Frank and Jesse

1995 Directed by Robert Boris. Starring Rob Lowe, Bill Paxton, Randy Travis.

REVIEWED By Brian Baker, Fri., Oct. 28, 1994

Over the years, talents as unique, wide and varied as Roy Rogers, Tyrone Power, and Kris Kristofferson have each portrayed the infamous outlaw Jesse James. The reason for this tale's continual resurgence is probably the popular appeal of the James brothers' unrelenting battle against an uncaring capitalist corporation. After the father of Frank (Paxton) and Jesse (Lowe) James is murdered for his property by emissaries of the railroad, the brothers swear vengeance and begin to rob companies owned and operated by the railroad. It is the American Dream gone horribly awry. This latest installment of the legendary tale, Frank and Jesse, is also a further example of the new breed of dark and brooding new wave westerns that have followed in the wake of Unforgiven. However, calling Frank and Jesse a “new” anything is inaccurate. The film is actually a by-the-numbers western cliché. Granted, much of the film is based on fact, but I'm sure the James brothers never said anything like, “We blew guys' brains out and laughed about it,” or “I know I could kill you, I'm just not convinced you'd stay dead,” or “I saw his eyes, his eyes were black as coal.” Lowe is fairly good despite the weak material he has to work with, but his goatee makes him look too much like that Teddy Ruxpin toy and, therefore, he cannot be taken seriously. Paxton is simply boring. Travis' part as Cole Younger is basically a waste, except you get to hear him sing “Auld Lang Syne.” Sure, the song seemed completely out of place, but it was better than watching another montage. There are at least three times when newspaper headlines are blended with live action shots and music. I would love to see an original script. I'm sure it would be just as clichéd but entire scenes often felt totally out of place. For instance, Jesse suddenly gets mad at Frank and points a gun at him for no reason, and this scene is never mentioned again. In fact, Jesse is never mad at Frank again. This event occurs directly before the introduction of a narrator halfway through the film. The whole thing is sloppily edited and when that's added with cliché dialogue, lackluster performances, and haphazard direction, you know you've got another James brothers movie headed straight for the recycling pile.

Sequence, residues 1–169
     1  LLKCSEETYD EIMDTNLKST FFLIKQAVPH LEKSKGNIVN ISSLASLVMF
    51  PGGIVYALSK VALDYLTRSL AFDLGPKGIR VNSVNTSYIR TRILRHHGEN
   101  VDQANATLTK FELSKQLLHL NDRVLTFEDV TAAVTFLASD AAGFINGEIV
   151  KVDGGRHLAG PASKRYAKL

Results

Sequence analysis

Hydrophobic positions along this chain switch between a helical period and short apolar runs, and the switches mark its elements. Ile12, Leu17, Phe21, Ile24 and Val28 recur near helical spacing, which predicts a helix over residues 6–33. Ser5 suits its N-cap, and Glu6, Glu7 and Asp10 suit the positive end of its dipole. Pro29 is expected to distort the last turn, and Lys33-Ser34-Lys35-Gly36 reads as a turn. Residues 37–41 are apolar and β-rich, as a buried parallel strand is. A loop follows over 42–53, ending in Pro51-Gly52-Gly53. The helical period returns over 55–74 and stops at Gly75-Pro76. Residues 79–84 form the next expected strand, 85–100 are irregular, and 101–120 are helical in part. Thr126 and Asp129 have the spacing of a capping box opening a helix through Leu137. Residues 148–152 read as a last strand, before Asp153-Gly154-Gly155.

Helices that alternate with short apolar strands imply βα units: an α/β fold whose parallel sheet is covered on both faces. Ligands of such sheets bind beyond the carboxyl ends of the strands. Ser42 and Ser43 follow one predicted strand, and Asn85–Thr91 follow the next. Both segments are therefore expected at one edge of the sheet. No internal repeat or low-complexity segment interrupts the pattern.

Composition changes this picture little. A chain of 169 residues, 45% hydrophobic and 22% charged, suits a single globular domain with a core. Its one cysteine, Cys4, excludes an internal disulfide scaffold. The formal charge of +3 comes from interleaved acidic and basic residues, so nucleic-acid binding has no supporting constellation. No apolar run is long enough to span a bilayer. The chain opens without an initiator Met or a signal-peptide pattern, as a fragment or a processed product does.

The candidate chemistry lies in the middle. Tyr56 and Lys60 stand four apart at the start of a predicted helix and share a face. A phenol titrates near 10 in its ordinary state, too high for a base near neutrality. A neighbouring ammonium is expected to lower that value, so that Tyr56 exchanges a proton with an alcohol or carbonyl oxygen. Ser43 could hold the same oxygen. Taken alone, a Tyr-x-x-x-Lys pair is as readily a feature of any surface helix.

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KEYWORDS FOR THIS FILM

Frank and Jesse, Robert Boris, Rob Lowe, Bill Paxton, Randy Travis

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